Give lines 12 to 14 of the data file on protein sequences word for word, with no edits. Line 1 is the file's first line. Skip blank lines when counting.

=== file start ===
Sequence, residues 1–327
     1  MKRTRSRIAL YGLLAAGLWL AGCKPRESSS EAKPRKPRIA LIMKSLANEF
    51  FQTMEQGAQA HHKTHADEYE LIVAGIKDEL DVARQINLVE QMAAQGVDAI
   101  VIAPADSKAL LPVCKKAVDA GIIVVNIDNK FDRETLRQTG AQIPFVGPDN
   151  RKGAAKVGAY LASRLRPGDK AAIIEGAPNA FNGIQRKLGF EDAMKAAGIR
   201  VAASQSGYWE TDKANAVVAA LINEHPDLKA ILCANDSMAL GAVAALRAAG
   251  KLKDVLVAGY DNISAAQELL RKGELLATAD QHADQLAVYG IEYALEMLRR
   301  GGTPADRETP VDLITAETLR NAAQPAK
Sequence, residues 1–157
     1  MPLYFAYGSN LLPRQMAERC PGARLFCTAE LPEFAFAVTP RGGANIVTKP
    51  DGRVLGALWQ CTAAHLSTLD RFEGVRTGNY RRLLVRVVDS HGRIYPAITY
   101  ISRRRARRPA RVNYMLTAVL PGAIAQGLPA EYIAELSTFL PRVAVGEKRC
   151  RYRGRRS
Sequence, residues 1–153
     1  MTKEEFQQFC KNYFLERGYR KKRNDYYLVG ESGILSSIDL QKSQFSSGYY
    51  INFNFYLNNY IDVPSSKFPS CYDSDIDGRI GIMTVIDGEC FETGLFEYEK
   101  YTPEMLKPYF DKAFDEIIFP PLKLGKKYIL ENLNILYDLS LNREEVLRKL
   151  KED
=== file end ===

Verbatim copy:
   101  ISRRRARRPA RVNYMLTAVL PGAIAQGLPA EYIAELSTFL PRVAVGEKRC
   151  RYRGRRS
Sequence, residues 1–153